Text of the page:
Newer diesel trucks, like the Chevrolet Silverado HD and GMC Sierra HD with the LML Duramax engine, use highly refined and advanced powerplants. They also boast the latest state-of-the-art emissions equipment, including SCR (urea injection) which are illegal to remove to make power the more traditional ways. Even with power numbers approaching 400 horsepower and 800 ft-lb of torque, there are still a lot of us diesel enthusiasts looking for more power. But the road to making more power has changed a bit to keep your rig emissions legal.
Fortunately there are aftermarket manufacturers working within the rules and confines of the regulations to help make more power while satisfying emissions requirements. CARB OE exemptions are relatively new to the diesel performance side of things and are becoming the “smog legal” benchmark. So opting for aftermarket goodies with the CARB stamp of approval is a great first step toward keeping your rig legal.
Based on the need and number of trucks on the road, several manufacturers have stepped up to the challenge of making emissions-friendly parts. The drawback to CARB EO certification is that the process is lengthy and expensive. The three products shown here did not have CARB OE exemptions as of our deadline, but by the letter of the law are emissions legal since they do not remove or bypass the emission control components.
To make some more power on this 2012 Chevy Silverado 3500 HD, we turned to the experts at Thoroughbred Diesel in Winchester, Kentucky. To help the LML Duramax engine inhale better we chose a K&N 63-Series air intake kit. We also opted for a MagnaFlow 4-inch diameter stainless steel DPF-back exhaust system in their new black ceramic-coated finish to match the truck. And to address fuel and timing issues, the crew installed the new H&S Performance Mini Maxx Street Tuner to electronically enhance the engine’s tuning.
Before any of the parts were installed, Wade McGinnis and Adam Mattingly strapped the dually down to Thoroughbred’s Mustang chassis dyno to get baseline performance numbers. As we anticipated, the LML was no slouch from the factory. We measured peaks of 343.7 horsepower and 626.5 ft-lb of torque. But, we all know there’s more potential in the 6.6L Duramax engine just waiting to be unleashed and we were on a mission to see if we could make more power without messing with or removing the emissions equipment.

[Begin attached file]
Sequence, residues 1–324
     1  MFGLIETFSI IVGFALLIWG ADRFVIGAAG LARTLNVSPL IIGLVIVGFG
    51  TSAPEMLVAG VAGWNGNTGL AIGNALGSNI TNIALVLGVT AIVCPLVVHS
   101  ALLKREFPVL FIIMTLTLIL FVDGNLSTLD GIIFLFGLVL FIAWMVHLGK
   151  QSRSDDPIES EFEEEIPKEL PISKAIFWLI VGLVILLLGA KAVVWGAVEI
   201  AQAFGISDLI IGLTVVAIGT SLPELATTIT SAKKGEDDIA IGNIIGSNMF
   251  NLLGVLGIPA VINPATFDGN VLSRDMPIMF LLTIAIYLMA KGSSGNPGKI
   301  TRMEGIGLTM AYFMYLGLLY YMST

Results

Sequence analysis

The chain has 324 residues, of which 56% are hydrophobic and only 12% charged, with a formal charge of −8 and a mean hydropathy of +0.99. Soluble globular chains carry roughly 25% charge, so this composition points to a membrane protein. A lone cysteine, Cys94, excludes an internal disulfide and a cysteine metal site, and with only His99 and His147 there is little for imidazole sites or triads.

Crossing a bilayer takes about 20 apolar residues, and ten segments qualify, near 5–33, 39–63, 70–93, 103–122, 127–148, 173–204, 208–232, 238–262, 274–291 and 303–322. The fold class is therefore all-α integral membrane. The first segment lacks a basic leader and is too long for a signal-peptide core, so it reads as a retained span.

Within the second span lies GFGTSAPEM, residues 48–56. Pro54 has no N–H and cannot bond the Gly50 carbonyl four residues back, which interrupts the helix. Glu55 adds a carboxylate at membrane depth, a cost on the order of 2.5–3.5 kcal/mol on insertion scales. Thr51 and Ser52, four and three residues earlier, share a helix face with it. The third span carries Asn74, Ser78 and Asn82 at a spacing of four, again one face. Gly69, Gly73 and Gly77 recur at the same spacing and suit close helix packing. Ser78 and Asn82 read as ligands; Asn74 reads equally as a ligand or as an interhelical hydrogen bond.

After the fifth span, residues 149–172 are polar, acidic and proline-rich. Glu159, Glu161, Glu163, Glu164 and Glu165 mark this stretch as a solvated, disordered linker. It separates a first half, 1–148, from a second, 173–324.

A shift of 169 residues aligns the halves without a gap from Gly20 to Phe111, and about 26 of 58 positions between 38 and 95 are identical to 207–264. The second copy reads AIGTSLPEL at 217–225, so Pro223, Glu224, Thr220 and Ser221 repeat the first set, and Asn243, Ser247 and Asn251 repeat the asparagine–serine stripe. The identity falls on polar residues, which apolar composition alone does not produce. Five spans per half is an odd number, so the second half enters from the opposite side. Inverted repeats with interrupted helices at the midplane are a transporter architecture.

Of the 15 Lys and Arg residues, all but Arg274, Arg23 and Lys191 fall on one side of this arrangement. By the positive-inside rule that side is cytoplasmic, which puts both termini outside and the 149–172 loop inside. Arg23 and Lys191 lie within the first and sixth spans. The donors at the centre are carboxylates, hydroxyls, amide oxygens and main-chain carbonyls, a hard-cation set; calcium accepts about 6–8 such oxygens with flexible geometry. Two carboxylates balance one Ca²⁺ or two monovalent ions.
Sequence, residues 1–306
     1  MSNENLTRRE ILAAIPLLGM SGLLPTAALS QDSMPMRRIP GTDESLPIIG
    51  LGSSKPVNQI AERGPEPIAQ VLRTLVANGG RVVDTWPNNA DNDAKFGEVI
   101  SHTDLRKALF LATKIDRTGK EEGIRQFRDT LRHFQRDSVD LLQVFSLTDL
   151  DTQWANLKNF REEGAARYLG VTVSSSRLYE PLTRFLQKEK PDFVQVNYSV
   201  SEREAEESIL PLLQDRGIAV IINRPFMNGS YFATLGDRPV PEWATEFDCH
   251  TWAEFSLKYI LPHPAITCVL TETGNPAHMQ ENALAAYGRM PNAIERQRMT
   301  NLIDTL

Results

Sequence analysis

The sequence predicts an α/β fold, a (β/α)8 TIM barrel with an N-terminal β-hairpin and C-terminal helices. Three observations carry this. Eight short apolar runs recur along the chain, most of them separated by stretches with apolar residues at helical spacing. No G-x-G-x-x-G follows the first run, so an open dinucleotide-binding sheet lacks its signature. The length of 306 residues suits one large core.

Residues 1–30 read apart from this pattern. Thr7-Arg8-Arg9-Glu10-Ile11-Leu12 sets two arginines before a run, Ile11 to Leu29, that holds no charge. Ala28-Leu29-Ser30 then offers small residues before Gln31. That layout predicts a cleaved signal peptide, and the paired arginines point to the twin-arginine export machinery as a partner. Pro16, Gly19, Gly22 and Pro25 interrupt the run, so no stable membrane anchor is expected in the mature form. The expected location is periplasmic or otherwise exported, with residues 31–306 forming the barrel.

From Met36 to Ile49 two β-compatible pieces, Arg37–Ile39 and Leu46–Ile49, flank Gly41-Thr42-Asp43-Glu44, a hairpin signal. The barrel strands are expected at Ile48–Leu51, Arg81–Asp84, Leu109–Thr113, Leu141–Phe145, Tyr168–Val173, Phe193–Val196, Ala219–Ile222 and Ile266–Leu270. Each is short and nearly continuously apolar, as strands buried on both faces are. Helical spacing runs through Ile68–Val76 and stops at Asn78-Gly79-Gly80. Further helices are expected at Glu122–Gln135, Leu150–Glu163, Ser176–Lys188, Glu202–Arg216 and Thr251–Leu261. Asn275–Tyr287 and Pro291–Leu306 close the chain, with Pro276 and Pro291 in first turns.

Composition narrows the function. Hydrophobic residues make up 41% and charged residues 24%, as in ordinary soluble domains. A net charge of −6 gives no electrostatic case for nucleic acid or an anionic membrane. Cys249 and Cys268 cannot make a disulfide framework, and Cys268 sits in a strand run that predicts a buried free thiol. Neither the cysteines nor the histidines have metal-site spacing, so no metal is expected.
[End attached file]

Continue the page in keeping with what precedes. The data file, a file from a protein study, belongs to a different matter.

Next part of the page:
After the dyno runs, McGinnis and Mattingly went to work on the truck starting with the K&N intake system. The system features K&N’s new diesel-specific high-flow washable/reusable air filter with 50 percent more filter material. It includes all of the hoses, tubes and clamps needed to install it in the truck, along with a metal heat shield to make sure the open-element filter pulls in as much cool outside air as possible. The installation is very straightforward and following the provided installation instructions makes it almost foolproof; it can easily be done in your garage or driveway with basic hand tools.
McGinnis and Mattingly also installed the H&S A-pillar and Mini Maxx Street Tuner in the truck with ease. Swapping out the pillar is easy and gives the Mini Maxx a good mounting location where it’s easily visible to the driver. Installation is straightforward with few connections, including plugging in the OBD adaptor, running a wire under the hood for power, and then routing the HDMI cable up the A-pillar for the Street Tuner.
The final piece of the upgrade puzzle for the LML Chevy was the MagnaFlow DPF-back exhaust system. The system installed on this truck features the black ceramic coating over the 4-inch diameter mandrel-bent stainless steel tubing with a 5-inch diameter cooled exhaust tip. Keep in mind, though, that this is largely a cosmetic and sonic upgrade, since there’s not a restrictive muffler being replaced and the tubing diameter is the same.
It does however sound good and the exhaust tip is in arguably a better position with the tip protruding slightly beyond the edge of the bed rather than being tucked up under the bed and bumper in the stock location. You’ll need a reciprocating saw and a long blade to cut the factory exhaust; otherwise it’s a simple bolt-on installation.
When the upgrades were finished, McGinnis and Mattingly strapped the big black Chevy back down to the Mustang chassis dyno for some more pulls. Peak horsepower rose to 417.7 with 743.9 ft-lb of torque with the new parts installed and the Street level tune uploaded to the truck. This is a significant improvement of 74 horsepower and 117.4 ft-lb of torque at peak output. Looking at the dyno graphs, the new setup provides more power across the board with a very significant bump in performance across the upper rpm range from about 2,600 rpm on up.
The following photos highlight the installation of all the parts. If you plan to do the install yourself, you can accomplish the mods in less than a day.
In Part 2, we’ll review the installation step by step.
MagnaFlow Exhaust Products
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Text and Photos by Chris Tobin